Attorney General Eric H. Holder Jr. sued Texas on Thursday, escalating the battle over voting rights and saying the Legislature was intentionally trying to discriminate against Hispanics when it redrew its congressional district maps and passed a voter-ID law.
Meanwhile, Arizona and Kansas are fighting the federal government on another front in the voting wars, suing the U.S. Election Assistance Commission to demand that anyone who registers to vote in those states be required to prove they are citizens.
"The thread that ties these two cases together is they both represent the federal government attempting to exercise unconstitutional control over the states' voting systems," said Kansas Secretary of State Kris W. Kobach, who is leading that state's lawsuit, filed Wednesday. "This is definitely a contest between the federal government and states over the states' sovereign authority to control their elections."
Voting rights shifted to the forefront after the Supreme Court in June struck down a key part of the Voting Rights Act, saying the federal government cannot rely on a decades-old formula to decide which states have to get federal "preclearance" for any voting changes.
That ruling enraged Mr. Holder and President Obama. A bipartisan coalition in Congress already had begun working on ways to rewrite the formula and restore teeth to the Voting Rights Act.
But Mr. Holder's moves this week could endanger that effort, said Rep. F. James Sensenbrenner Jr., Wisconsin Republican, who led the latest reauthorization of the Voting Rights Act in 2006.
"The lawsuit would make it much more difficult to pass a bipartisan fix to restore the heart of the VRA that the Supreme Court struck down earlier this year," Mr. Sensenbrenner said.
He said he had spoken with Mr. Holder and asked him to withdraw the lawsuit.
Texas was one of the states subject to special scrutiny under the old formula that the Supreme Court struck down. Lower courts ruled against Texas' ID law and congressional maps, but the Supreme Court's decision overturned those rulings and freed Texas from federal control.
Mr. Holder said Thursday that he wants to regain that control.
"We will not allow the Supreme Court's recent decision to be interpreted as open season for states to pursue measures that suppress voting rights," Mr. Holder said.
He is asking a federal court in Texas to rule that the state is so discriminatory that it needs to be specifically added back under federal control for purposes of election laws.
In his lawsuit Mr. Holder said Texas Legislators used "anti-immigrant rhetoric" during the debate on the voter ID bill and that Gov. Rick Perry and the Republican leadership in the Legislature conspired to keep minority lawmakers from "effective participation" in the debates.
Mr. Holder said the ID law would make some residents travel 200 miles round-trip to obtain a driver's license or identification card to vote. Because state offices are closed on weekends, he said, many people would have to take a day off work, creating a hardship for poor and minority voters.
The moves drew a vociferous response from Texas Republican officials.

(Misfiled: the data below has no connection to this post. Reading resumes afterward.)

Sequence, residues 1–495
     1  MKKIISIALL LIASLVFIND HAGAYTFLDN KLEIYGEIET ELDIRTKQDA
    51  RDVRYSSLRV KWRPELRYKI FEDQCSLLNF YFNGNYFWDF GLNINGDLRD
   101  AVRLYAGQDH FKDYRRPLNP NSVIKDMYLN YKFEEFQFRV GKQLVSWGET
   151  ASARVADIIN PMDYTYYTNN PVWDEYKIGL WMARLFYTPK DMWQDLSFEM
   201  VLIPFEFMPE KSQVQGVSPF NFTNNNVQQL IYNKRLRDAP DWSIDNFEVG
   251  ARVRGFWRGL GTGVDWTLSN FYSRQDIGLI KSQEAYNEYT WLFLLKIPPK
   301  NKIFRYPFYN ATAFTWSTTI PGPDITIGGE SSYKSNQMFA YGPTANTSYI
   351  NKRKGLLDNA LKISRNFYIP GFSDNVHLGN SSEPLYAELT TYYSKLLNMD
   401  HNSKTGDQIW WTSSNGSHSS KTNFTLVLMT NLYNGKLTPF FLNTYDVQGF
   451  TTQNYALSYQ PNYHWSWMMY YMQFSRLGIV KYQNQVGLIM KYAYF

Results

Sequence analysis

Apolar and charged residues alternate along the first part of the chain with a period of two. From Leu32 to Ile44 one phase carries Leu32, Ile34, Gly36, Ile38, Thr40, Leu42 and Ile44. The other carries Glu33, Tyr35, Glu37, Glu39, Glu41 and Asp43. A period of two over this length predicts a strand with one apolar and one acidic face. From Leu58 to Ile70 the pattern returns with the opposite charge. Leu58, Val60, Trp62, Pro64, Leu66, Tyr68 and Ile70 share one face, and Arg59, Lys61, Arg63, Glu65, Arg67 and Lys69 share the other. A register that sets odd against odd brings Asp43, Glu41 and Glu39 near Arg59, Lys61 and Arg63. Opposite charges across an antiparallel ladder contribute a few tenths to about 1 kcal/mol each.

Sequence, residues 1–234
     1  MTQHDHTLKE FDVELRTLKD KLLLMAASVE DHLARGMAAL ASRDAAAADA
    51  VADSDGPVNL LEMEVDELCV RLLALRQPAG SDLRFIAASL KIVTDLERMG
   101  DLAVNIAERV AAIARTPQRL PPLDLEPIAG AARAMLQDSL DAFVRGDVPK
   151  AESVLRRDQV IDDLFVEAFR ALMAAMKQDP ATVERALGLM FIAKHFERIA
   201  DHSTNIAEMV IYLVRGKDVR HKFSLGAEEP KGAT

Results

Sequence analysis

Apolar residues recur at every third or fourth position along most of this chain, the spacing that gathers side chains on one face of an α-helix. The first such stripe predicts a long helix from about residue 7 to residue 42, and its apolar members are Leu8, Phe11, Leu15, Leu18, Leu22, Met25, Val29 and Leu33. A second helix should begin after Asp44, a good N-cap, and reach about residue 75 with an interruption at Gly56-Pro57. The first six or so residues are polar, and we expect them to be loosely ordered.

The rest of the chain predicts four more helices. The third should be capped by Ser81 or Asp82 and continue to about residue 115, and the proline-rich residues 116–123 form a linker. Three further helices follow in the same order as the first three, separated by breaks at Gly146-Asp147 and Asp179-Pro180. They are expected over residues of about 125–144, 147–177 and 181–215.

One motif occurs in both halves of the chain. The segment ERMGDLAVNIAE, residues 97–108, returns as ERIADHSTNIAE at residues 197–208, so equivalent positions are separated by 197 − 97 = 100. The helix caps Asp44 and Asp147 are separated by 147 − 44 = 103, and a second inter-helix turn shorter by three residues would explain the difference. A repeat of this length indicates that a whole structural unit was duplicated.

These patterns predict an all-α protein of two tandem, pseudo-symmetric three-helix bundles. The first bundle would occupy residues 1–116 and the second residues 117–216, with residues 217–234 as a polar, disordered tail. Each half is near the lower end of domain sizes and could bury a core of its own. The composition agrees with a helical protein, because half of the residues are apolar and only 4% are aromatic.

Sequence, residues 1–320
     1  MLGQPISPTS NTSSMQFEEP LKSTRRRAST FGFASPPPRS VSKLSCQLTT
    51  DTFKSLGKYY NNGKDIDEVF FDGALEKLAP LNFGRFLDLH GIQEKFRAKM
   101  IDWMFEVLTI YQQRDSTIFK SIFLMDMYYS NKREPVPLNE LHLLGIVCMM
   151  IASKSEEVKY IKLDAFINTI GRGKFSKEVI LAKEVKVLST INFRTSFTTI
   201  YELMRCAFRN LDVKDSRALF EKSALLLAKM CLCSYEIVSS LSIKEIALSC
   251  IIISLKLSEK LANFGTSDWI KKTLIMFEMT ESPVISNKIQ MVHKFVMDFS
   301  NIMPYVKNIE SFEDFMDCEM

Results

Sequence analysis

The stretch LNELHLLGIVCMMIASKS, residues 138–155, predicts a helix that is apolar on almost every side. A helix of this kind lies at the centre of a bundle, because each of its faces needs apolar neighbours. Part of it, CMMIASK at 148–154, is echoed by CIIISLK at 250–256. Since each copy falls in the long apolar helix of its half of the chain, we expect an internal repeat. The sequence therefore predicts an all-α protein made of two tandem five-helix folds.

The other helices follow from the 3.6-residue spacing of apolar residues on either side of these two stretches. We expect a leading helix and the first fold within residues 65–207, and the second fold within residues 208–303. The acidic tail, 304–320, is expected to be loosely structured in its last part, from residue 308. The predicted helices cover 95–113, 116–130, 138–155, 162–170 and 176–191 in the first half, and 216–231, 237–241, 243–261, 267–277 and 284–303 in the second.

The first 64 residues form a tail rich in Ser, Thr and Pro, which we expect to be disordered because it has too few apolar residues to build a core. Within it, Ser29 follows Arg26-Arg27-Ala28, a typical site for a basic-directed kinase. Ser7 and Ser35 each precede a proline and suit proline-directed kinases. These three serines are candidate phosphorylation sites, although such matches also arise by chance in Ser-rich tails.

"Eric Holder is wrong to mess with Texas," said Attorney General Greg Abbott.
He said the Obama administration "just can't stand an independent Texas."
Mr. Abbott pointed to the Justice Department's move this week to arrest a woman in Texas whom it accused of illegally voting five times in a primary last year.
"Voter fraud is very real in the state of Texas," Mr. Abbott said.
He and other Texas Republicans said Mr. Holder's moves were more about politics than the law.
"Facts mean little to a politicized Justice Department bent on inserting itself into the sovereign affairs of Texas and a lame-duck administration trying to turn our state blue," said Sen. John Cornyn, who is the second-ranking Republican in the U.S. Senate.
While the Texas ID law deals with fraud at the point where voters go to the polls, Kansas and Arizona are trying to defend their state laws that require proof of citizenship at the time of registration.
Both states demand that proof on their own forms, but under federal law, the Election Assistance Commission also is allowed to distribute registration forms, and the EAC has balked at adding the proof-of-citizenship requirement.
The Supreme Court ruled this year that Arizona could not reject those EAC applications but said states can ask the EAC to include citizenship on the forms it distributes in that state.
The commission has declined requests from Arizona and Kansas, which are now suing to force action.
"Congress does not have the power to tell a state it cannot require proof of citizenship, and certainly a commission created by Congress does not have that authority," Mr. Kobach told The Washington Times.
The EAC declined to comment.
Arizona and Kansas are among a handful of states that do require proof of citizenship.
Some of the plaintiffs who took Arizona to the Supreme Court over the citizenship requirement said they were disappointed that the state is still fighting them.
"Clearly, these politicians and their supporters fear an increase in the number of eligible citizens voting," said state Sen. Steve Gallardo.
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